Some impressions from the reunion weekend:
There were definitely uncomfortable moments. Running into a group of now-married men I never knew well (already awkward) only to have our conversation revolve around their kids and how they have no social time for anything that doesn’t involve entertaining them. Eating lunch at a “mommys’ table,” trying to figure out what to do or say while they all discussed their children (they didn’t ask me if I had them– it was the elephant in the room). Having breakfast alone one morning next to a postcard-perfect happy family of four, with the father teasing the daughter about her “older” (by two years) boyfriend and the daughter merrily discussing the Christmas present she had bought for her beau. Conversing with some good friends of mine, a couple I generally love, only to have them run down the laundry list of all the wonderful things that are happening to other people– their fabulous weddings, moneyed acquaintances, new babies, extensive vacations, and gorgeous estates.
I also, however, became privy to things that made me feel much less alone in my struggles. I heard about decades-long friendships and work partnerships going down in flames and from people who confessed to me that they had lost all touch with their college friends. Three pairs of college sweethearts are now going through acrimonious divorces, and several others are on second marriages. A never-married man who has been through some family tragedies is now living with and taking care of an ailing parent. One woman confided to me that she turned to a dating service in her late thirties, struggled through infertility after marrying, and finally had two miracle babies past forty. Another friend, who I had warned off her boyfriend years ago, got engaged to him only to have the guy call off the wedding a few days before it was to happen. I suspect that a few of the married fathers are alcoholics, and a few are in the closet. Several people alluded to the fact that the bad economy had hit them hard; others told me of their struggles to find a new job or change careers.
My impression was that the most common age people had kids was 32, which was my magic number. I spoke on the phone with my gay friend over the weekend, and he told me he understands why people have kids at that age. He is in that range and is getting bored with his life and wondering what to do next.
Two of my female friends who have children told me over the weekend that they can’t stand to be around other kids now. Their own are more than enough. Another woman kept saying how glad she was to have a weekend away from hers and that being around babies made her realize she definitely doesn’t want another one. I felt comfortable around these women, as well as lots of other parents who either talked little about their kids, or at least not solely about them, or at least didn’t make me feel like a freak for not having them.
I stole away for a yoga class before the madness of the weekend began and had an interesting conversation with the teacher, who is my age and quite attractive and fit (go yoga). She grew up in my home city, attending college and living in the same place I recently moved away from. At 30, she moved to NYC, and, unable to meet anyone there, decided, at 36, to pack it in and move to the small resort city where the reunion was held. Two months before leaving NYC she finally met someone but carried on with her plans anyway. Eventually they married and he moved out to the resort city. She said it was hard to feel like she was “away from where things were happening” but that she eventually adjusted and is happy in a smaller place.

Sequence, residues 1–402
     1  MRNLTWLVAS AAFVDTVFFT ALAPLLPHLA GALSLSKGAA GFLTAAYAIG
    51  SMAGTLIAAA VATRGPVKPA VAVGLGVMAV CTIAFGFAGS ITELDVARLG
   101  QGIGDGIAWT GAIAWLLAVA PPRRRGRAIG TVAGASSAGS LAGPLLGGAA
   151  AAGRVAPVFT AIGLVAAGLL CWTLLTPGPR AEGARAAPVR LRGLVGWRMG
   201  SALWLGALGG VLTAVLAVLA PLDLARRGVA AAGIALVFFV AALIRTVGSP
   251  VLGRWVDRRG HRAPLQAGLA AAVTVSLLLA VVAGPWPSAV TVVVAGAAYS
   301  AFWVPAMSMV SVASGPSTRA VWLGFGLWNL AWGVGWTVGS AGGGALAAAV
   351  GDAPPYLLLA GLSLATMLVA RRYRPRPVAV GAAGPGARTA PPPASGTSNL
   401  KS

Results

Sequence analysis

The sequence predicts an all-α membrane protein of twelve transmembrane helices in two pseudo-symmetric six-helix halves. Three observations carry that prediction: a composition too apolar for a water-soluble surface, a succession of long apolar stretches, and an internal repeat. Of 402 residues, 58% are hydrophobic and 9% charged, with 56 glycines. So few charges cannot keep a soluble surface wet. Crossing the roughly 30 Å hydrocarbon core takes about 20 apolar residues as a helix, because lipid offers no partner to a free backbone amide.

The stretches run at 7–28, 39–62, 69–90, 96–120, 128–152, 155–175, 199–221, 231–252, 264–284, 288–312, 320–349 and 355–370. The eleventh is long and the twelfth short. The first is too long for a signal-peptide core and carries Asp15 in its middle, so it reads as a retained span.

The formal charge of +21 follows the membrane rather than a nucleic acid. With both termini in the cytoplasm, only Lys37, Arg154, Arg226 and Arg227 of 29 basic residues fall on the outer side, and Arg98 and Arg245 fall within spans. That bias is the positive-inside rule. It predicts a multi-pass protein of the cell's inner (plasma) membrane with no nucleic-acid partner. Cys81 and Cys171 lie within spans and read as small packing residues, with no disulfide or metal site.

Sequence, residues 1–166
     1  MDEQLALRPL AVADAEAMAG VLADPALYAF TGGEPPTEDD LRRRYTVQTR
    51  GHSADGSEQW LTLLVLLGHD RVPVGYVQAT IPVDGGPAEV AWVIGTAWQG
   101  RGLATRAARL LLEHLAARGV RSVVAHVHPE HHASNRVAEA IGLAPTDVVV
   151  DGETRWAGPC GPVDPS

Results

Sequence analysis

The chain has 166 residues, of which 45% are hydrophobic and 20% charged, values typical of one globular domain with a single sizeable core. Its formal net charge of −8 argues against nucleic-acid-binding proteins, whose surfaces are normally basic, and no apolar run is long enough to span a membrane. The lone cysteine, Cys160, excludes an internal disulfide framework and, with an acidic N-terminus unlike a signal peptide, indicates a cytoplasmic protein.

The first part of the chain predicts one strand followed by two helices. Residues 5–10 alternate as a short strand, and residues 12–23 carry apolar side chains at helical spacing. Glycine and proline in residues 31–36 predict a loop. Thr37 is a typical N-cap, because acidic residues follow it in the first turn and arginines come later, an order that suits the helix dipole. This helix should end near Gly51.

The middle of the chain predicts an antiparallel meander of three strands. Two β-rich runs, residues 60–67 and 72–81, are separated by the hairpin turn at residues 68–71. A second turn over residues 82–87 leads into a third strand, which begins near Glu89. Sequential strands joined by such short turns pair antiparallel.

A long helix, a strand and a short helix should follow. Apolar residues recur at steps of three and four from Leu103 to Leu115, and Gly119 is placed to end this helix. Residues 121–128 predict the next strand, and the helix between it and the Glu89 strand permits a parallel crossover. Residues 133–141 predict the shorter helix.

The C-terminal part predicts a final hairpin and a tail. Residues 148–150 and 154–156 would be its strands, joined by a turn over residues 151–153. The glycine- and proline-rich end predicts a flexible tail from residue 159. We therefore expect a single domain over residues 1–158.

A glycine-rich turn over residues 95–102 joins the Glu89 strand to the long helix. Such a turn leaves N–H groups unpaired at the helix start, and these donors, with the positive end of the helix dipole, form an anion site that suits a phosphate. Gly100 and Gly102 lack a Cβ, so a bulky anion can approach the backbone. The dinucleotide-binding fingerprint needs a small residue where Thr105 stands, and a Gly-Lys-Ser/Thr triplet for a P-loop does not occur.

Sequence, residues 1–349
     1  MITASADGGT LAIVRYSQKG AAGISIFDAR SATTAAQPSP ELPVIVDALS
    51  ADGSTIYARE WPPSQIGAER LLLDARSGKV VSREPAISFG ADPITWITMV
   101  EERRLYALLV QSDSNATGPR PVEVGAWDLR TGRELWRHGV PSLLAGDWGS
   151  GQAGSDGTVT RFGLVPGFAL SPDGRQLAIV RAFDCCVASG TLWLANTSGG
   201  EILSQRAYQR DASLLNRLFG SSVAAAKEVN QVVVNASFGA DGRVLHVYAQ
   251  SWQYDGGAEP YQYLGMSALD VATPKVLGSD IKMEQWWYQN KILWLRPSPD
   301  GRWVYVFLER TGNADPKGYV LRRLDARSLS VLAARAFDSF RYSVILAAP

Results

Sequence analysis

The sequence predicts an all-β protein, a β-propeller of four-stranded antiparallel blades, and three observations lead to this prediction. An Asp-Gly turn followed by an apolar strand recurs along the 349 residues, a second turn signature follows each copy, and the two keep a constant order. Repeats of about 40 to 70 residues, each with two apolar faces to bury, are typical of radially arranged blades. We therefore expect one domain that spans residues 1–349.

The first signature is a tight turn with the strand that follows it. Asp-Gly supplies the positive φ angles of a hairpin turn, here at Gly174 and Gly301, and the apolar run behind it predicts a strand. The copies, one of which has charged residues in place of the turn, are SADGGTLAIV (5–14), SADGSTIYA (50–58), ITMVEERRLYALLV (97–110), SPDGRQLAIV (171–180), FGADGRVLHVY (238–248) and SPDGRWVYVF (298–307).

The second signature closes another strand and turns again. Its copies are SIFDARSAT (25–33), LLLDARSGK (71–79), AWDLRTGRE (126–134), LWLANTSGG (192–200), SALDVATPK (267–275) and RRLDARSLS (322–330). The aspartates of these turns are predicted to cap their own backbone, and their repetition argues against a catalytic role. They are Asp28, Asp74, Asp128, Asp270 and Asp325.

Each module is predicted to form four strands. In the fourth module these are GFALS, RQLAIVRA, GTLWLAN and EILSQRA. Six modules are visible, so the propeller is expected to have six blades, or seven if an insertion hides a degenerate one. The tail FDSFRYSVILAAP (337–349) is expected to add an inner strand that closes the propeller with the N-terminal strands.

I also took an evening before the reunion to see a small movie featuring several (vague) acquaintances from my current city of residence. I did feel proud during the weekend that I had made such a big move, by myself, to a difficult city where few had ventured and that I had made some inroads there, however faint. I had listened to a podcast on the plane in which the host said that he and his wife were comfortable being childless in L.A. because people there didn’t really make a big deal out of having kids. Something for me to chew on.
A few final impressions:
One married man talked to me about his ex-girlfriend and said he couldn’t understand why she never found anyone and got married (uh, hello?).
An exceptionally attractive female friend, who lots of guys (including, once, a date of mine) used to drool over, attended the reunion. In an echo of my date twenty years earlier, a married man, seemingly clueless about how this would come across to me, stopped me at the dance to go on and on about this never-married woman and his long-standing crush on her, saying, “Men just can’t understand how a woman like that could fall through the cracks.”
Ouch. Ouch, ouch, ouch. At that point, exhausted by the weekend and demoralized by his comment, I caught a ride home and went to bed, where I tossed and turned and shed a few tired, hot tears. I thought about how hurt I had been twenty years earlier by my date’s interest in this same woman. Then I thought about how badly this man’s comments had stung, despite my greater wisdom.
I realized that, as an average woman, it was no great tragedy to anyone but myself that I had “fallen through the cracks” and that, as a middle-aged woman past my childbearing years, I was of even less interest to the world at large.
I traveled home the next day. During the journey, I realized that I had become okay with not having kids. My impression from the weekend was that only a few seemed to really get lucky in life and get everything they want, and even then, will it last?